Benson J. Lossing, Pictorial Field Book of the Civil War. Volume 2., Chapter 8: the siege and capture of Fort Donelson. (search)
rmed the attacking column, while Cook's Brigade, posted on the left, was ordered to make a feigned attack. Lauman was directed to carry the heights on the left of the position that had been assailed on Thursday. He placed the Second Iowa, Colonel Tuttle, in the van. These were followed by the Fifty-sixth Indiana as a support. These, in turn, were closely followed by the Twenty-fifth Indiana and Seventh and Fourteenth Iowa, while Berge's sharp-shooters were deployed as skirmishers on the exthe men with the greatest admiration. Very soon the column was swept by a terrible fire from the Confederate artillery. It wavered for a moment, but the words and acts of the General soon restored its steadiness, and it moved on rapidly. When Tuttle was within range of the Confederate muskets, he placed himself at the head of his men and shouted Forward! Without firing a gun, they charged upon the Confederates with the bayonet, driving them from their intrenchments, and, in the midst of che
Benson J. Lossing, Pictorial Field Book of the Civil War. Volume 2., Chapter 22: the siege of Vicksburg. (search)
ept up until dark, when the troops were quietly re-embarked. The assault and menace, with reconnoissances, were repeated the next day, when Sherman received an order from Grant to hasten with his troops down the west side of the river to Grand Gulf. Sherman kept up his menaces until evening, when he quietly withdrew his whole force to Young's Point, whence Blair's division was sent to Milliken's Bend, there to remain until other troops, expected from above, should arrive. The divisions of Tuttle and Steele marched rapidly down the west side of the Mississippi to Hard Times, crossed the river there, and on the following day May 8 joined Grant's troops at Hankinson's Ferry, on the Big Black. Sherman's feint was entirely successful in keeping re-enforcements from the Confederates at Port Gibson. Grant, as we have observed, had expected to send troops down the river to assist Banks in operations against Port Hudson, intending, in the mean time, to remain at Grand Gulf, and collect
Benson J. Lossing, Pictorial Field Book of the Civil War. Volume 2., Chapter 23: siege and capture of Vicksburg and Port Hudson. (search)
which lay on both sides of the old Jackson road, the one on the right, in approaching the town, known as Fort Hill, and the one on the left as Fort Beauregard. The attack was directed upon the former. Blair's division took the lead, followed by Tuttle's as a support. As it moved, it occupied both side of the road. The ground was very rough, and was cleft by deep chasms, in which were trees standing and trees felled; and along the entire front of the Confederate works was such a tangle of hile American flag waved over them, and asking him to have Sherman and McPherson make a diversion in his favor. See General Grant's Report, July 6, 1868. On the strength of this assurance, Sherman renewed the assault on his left front, by sending Tuttle forward. Mower's brigade charged up to the position from which Ewing had been repulsed, and the colors of his leading regiment (Eleventh Missouri) were soon planted by the side of those of Blair's storming party, which remained there. After hea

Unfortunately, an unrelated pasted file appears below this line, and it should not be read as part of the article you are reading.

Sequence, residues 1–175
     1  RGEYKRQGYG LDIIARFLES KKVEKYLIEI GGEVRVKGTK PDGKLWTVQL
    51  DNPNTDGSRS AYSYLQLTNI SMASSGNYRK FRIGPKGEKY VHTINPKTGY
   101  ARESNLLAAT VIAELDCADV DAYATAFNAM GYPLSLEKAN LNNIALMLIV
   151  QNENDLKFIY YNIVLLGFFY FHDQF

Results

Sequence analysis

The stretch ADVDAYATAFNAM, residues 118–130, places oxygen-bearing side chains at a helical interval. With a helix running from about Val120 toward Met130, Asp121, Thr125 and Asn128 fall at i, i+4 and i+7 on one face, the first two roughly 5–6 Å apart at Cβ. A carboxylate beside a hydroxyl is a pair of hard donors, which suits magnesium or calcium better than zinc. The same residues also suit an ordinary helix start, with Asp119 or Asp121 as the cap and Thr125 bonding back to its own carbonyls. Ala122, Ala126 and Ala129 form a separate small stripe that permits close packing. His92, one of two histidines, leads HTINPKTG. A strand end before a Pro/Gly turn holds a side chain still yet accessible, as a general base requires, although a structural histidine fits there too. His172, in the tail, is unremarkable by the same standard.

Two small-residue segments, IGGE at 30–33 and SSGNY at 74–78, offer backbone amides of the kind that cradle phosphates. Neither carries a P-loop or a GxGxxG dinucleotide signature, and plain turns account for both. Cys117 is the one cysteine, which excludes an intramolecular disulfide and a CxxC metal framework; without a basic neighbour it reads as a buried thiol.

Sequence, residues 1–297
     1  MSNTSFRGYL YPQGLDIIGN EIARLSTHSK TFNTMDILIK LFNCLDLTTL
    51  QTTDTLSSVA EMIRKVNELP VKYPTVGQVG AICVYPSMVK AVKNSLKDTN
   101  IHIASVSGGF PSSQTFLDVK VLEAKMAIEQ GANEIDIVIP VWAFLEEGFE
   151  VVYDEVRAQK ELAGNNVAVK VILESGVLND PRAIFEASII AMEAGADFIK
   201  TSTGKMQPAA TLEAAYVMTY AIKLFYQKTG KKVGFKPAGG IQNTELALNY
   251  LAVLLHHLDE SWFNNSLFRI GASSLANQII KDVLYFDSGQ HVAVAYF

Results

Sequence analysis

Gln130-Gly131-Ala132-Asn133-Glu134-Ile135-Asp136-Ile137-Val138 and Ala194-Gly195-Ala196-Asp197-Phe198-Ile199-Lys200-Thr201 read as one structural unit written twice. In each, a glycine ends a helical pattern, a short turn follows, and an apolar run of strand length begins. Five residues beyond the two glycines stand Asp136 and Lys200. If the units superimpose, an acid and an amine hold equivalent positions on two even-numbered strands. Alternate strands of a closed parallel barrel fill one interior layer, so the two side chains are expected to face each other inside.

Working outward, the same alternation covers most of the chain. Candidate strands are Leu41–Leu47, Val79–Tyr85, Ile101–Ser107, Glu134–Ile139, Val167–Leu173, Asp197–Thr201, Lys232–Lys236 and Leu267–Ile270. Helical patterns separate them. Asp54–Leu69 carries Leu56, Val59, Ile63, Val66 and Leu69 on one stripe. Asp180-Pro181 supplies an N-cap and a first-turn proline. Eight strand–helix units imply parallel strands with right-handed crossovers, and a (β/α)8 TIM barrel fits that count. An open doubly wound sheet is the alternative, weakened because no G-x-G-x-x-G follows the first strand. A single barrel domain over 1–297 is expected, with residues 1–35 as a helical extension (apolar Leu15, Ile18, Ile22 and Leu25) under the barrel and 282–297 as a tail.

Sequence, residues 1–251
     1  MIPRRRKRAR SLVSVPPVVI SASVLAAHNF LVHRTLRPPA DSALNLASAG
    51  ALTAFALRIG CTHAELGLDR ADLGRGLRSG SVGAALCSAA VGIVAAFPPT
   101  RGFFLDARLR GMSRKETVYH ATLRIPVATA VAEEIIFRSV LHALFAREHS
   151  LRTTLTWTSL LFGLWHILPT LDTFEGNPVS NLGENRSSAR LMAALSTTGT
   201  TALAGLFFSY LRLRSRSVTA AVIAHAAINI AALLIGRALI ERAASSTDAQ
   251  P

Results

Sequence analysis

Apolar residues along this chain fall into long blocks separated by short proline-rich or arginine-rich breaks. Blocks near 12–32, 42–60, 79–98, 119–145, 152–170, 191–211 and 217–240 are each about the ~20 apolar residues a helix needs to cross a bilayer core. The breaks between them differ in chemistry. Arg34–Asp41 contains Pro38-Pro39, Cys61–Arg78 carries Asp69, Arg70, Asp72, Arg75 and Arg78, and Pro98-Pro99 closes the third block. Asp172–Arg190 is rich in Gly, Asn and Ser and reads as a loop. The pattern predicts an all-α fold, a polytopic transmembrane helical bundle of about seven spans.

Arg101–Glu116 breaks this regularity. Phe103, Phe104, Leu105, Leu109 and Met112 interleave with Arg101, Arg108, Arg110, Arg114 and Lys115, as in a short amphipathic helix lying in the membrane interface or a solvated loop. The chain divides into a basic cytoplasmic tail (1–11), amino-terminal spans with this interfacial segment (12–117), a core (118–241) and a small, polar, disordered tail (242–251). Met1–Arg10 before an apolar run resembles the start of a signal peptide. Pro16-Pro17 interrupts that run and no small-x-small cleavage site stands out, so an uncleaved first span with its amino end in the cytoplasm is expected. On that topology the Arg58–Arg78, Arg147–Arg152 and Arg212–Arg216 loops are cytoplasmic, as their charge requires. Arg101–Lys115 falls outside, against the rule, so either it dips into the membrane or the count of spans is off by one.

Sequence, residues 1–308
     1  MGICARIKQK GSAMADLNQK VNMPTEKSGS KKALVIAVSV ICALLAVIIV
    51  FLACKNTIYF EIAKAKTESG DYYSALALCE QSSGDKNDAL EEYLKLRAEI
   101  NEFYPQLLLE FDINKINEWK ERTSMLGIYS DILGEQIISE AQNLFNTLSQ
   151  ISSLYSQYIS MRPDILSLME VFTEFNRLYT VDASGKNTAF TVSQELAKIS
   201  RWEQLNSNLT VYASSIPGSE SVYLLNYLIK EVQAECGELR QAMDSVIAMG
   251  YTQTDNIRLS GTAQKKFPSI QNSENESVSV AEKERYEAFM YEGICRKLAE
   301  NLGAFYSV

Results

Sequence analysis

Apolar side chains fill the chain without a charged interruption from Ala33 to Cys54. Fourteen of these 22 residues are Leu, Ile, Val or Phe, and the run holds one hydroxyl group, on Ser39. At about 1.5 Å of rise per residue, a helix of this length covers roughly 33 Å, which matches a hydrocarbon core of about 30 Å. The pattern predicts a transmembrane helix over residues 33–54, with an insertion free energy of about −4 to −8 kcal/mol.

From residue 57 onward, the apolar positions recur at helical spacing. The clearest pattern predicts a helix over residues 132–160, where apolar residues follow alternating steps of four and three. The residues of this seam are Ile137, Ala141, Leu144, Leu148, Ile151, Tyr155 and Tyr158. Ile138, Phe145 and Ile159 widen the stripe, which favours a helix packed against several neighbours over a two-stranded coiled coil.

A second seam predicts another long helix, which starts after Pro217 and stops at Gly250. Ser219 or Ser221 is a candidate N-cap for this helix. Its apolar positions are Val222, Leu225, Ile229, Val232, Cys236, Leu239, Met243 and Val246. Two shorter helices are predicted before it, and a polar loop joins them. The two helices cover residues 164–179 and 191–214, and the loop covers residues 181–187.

property was altogether unmolested. The offices of the Memphis Appeal and Jackson Mississippian were removed the preceding night — the former to Brandon and the latter to Mobile. We now have quiet and undisturbed possession of Jackson. One portion of the rebel force has moved out on the Canton road, and the other on the road south of the city, whence they will both doubtless make a detour around Jackson, outside of our lines, and unite at Edwards's Station, on the Vicksburgh and Jackson Railroad, where the citizens say they will give us battle. Our loss in the gallant charge by General Crocker's division this morning will reach fifty killed and two hundred wounded. This is, of course, mere estimate, as no reports are yet handed in. For the same reason I am unable to give you the names of the sufferers. Several days must necessarily elapse before this information can be made public. This division will return to Clinton to-morrow, leaving General Tuttle to occupy the city.
Nutting, 1729. Oakes, 1721-75. Page, 1747; Pain, 1767; Parker, 1754; Penhallow, 1767; Polly, 1748; Poole, 1732; Powers, 1797; Pratt, 1791. Rand, 1789; Reed, 1755; Richardson, 1796; Robbins, 1765; Rouse, 1770; Rumril, 1750; Rushby, 1735; Russul, 1733. Sables, 1758; Sargent, 1716; Scolly, 1733; Semer, 1719; Simonds, 1773; Souther, 1747; Sprague, 1763; Stocker, 1763; Storer, 1748. Tebodo, 1757; Teel, 1760; Tidd, 1746; Tilton, 1764; Tompson, 1718; Trowbridge, 1787; Turner, 1729; Tuttle, 1729; Tyzick, 1785. Wait, 1725; Waite, 1785; Wakefield, 1751; Walker, 1779; Ward, 1718; Waters, 1721; Watson, 1729; White, 1749; Whitney, 1768; William, 1762; Williston, 1769; Winship, 1772; Witherston, 1798; Wright, 1795. As to the strangers who are mentioned on our records, I find that Adrian Lubert Andriesse, of Batavia, was born in Boston, Feb. 9, 1799, and baptized at Medford, July 7, 1805. Charles Dabney's child, which Mr. Albree had to nurse, was baptized July 4, 1742, and nam